4 Things to Know About Bankruptcy Filing
When a person is faced with a significant amount of debt, a bankruptcy filing can seem like an attractive alternative. In most cases, filing fees are quite low and the process can save a person thousands of dollars. However, before a debtor hires a bankruptcy lawyer, they should consider the facts listed below.
There’s a Potential for Property Loss
One of the biggest consequences of Chapter 7 is that the filer can lose non-exempt property or its cash equivalent. Many lack such property, and the law is liberal enough that most of a person’s possessions can be protected. If the filer has assets such as a vacation home, motor home, or pleasure boat, they should consider filing for Chapter 13 as it allows them to keep all their possessions.
Bankruptcy Has Serious Effects on a Filer’s Reputation and Credit
Bankruptcy stays on a person’s credit report for up to ten years, depending on the reporting credit bureau. It’s visible to anyone pulling the debtor’s credit report, and it’s possible to see credit scores diminish by 200 points or more. Not only that, the filer’s reputation can suffer, especially in a small town where the filer owes money to a local merchant.
Discrimination is Possible
Government agencies cannot discriminate against a filer because of a bankruptcy or a discharged debt. Simply put, agencies granting housing or other government assistance cannot deny help. A utility company can’t deny service, and private employers aren’t supposed to discriminate. However, some companies won’t hire those who have gone through bankruptcy.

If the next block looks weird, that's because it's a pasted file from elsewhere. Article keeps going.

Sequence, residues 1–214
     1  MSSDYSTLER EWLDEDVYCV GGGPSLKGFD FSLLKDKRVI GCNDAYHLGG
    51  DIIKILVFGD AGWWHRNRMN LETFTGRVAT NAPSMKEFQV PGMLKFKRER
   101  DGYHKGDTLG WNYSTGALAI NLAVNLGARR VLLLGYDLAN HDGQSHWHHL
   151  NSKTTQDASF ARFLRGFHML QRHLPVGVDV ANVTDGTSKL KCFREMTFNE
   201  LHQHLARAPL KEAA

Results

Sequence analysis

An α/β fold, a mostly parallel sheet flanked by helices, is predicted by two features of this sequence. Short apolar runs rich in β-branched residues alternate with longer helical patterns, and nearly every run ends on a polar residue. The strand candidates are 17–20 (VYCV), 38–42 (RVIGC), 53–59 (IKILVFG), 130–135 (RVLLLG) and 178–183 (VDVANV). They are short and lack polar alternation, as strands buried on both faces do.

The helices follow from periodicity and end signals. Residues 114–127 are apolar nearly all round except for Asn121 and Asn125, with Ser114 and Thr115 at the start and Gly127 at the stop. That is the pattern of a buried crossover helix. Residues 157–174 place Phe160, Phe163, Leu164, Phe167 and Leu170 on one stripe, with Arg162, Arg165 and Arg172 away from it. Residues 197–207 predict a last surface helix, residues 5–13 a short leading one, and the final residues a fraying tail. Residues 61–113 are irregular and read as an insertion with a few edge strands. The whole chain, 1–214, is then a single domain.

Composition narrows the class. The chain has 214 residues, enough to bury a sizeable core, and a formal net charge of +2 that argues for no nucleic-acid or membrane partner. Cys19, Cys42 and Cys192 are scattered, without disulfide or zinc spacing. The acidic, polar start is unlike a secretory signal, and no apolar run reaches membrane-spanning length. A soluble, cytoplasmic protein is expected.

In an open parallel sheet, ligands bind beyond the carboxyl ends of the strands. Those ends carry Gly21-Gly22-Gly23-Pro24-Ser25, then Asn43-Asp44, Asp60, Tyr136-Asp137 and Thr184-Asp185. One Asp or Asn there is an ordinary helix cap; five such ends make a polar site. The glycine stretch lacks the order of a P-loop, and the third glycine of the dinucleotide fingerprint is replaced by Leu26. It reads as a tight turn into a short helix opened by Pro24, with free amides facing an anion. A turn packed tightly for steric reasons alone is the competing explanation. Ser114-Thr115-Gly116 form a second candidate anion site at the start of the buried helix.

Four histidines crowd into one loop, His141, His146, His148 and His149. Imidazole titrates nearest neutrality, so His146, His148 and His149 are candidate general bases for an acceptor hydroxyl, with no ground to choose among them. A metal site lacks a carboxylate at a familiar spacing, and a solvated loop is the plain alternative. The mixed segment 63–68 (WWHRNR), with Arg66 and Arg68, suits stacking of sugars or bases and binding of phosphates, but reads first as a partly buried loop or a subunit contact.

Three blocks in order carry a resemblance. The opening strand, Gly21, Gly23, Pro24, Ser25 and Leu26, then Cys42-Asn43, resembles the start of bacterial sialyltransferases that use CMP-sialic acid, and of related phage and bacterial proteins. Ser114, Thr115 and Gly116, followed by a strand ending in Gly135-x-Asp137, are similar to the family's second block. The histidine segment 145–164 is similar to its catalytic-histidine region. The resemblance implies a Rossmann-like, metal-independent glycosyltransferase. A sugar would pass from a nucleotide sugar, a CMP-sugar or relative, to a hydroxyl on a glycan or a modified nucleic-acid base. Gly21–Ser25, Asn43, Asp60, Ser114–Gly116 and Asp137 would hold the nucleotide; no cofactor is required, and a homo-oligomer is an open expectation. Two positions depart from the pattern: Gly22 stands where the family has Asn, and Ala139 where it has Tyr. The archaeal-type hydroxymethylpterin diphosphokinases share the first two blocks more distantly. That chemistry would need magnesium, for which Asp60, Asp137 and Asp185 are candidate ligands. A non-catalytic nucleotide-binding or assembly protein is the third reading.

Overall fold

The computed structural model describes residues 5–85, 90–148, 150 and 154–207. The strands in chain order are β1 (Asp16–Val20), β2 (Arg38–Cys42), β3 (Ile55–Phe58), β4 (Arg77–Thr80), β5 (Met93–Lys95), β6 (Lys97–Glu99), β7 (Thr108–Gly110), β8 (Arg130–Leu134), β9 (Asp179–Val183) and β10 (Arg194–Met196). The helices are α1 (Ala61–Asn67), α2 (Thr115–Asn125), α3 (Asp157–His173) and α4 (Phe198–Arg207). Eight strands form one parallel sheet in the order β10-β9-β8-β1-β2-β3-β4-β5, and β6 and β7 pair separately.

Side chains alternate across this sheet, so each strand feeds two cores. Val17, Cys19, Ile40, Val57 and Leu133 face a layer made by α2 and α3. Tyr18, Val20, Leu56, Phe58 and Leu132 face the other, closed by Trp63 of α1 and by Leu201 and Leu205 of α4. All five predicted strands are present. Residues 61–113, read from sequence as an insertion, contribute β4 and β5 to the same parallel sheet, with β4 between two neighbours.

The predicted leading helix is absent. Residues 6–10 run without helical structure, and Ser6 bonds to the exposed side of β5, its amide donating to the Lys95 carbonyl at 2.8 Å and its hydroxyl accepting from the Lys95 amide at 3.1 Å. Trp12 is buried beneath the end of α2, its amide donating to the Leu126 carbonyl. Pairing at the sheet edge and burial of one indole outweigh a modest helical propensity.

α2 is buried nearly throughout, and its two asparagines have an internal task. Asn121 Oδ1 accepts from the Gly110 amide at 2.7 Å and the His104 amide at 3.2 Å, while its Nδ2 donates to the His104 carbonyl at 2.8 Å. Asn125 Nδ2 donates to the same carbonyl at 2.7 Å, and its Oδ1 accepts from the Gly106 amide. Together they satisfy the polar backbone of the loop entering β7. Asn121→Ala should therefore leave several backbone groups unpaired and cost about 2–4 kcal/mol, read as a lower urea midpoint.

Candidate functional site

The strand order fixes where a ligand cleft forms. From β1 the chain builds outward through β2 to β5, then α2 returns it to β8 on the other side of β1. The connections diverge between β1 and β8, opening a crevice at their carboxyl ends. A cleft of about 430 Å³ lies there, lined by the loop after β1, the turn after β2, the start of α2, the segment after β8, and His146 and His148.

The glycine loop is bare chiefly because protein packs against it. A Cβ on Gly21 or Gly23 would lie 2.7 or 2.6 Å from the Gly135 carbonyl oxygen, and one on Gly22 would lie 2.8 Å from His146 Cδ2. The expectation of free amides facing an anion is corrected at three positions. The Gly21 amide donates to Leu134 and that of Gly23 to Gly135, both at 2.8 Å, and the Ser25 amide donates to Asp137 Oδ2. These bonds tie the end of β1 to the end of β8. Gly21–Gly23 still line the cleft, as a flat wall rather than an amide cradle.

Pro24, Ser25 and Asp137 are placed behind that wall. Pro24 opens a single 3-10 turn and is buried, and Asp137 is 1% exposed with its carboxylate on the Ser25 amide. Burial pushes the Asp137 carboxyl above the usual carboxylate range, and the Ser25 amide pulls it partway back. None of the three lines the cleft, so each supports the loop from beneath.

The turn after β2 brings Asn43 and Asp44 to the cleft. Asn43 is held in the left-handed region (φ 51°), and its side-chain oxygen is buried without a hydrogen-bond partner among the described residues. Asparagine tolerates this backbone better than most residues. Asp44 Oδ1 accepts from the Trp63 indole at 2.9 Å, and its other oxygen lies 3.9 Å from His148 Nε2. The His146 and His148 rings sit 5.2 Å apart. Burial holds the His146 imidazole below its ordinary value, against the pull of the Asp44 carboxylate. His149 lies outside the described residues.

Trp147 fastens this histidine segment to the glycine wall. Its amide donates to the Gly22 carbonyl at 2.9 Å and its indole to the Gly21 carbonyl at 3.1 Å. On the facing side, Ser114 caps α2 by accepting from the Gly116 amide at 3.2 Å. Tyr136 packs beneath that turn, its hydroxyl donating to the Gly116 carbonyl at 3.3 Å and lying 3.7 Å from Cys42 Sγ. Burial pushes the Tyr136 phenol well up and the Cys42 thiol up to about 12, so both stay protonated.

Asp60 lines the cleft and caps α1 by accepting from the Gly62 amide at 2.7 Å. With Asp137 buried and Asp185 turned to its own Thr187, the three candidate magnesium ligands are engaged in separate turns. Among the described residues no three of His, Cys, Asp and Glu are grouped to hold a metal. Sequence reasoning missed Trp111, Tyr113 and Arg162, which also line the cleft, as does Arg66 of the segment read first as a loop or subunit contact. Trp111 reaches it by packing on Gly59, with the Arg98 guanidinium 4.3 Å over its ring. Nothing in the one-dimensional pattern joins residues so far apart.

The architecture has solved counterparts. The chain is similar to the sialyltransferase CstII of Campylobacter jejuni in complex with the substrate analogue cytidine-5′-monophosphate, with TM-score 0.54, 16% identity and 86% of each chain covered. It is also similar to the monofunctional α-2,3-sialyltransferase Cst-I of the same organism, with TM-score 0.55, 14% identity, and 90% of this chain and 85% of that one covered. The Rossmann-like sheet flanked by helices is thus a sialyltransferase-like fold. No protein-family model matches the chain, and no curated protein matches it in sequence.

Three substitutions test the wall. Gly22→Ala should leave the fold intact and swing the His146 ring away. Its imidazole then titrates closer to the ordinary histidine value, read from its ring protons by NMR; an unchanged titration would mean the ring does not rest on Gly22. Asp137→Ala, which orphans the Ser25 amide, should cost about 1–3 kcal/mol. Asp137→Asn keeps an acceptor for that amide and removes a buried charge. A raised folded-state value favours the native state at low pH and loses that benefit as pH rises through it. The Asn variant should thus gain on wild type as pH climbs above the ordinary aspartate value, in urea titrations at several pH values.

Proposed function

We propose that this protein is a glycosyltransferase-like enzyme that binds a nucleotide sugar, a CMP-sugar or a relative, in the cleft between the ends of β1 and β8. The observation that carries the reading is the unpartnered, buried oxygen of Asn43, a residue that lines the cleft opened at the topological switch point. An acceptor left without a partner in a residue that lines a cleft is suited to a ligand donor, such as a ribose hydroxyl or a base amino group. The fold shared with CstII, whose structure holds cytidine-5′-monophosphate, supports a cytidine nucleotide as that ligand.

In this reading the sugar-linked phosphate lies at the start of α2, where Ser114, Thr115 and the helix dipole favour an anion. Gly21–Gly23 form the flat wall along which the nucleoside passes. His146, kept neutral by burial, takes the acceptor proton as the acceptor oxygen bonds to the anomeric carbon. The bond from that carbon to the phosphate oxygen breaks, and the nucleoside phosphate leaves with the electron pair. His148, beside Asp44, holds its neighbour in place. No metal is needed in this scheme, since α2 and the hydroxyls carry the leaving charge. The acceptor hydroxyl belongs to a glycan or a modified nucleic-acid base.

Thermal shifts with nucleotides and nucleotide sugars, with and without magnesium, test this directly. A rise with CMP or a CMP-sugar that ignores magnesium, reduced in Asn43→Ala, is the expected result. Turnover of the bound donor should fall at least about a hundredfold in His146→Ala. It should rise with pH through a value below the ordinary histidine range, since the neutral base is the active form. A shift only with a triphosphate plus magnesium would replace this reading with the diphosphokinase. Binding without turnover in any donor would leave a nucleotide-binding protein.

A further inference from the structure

Not All Debts are Eliminated
Despite popular belief, Chapter 7 bankruptcy does not eliminate all unsecured debts. A filer will still have to repay alimony, back taxes, child support, and student loans.
Carefully Consider the Consequences
There are some disadvantages to a bankruptcy filing, and clients should only do it as a last resort. Credit counseling is a viable alternative in many cases; it has helped thousands of people handle their debts. Some people may qualify for a debt settlement program where debts are consolidated and it’s not necessary to take out other loans. For situation-specific guidance, call the firm, or visit http://tulsabankruptcylawyers.net/bankruptcy-attorney-tulsa-chapter-7-bankruptcy/ for general info.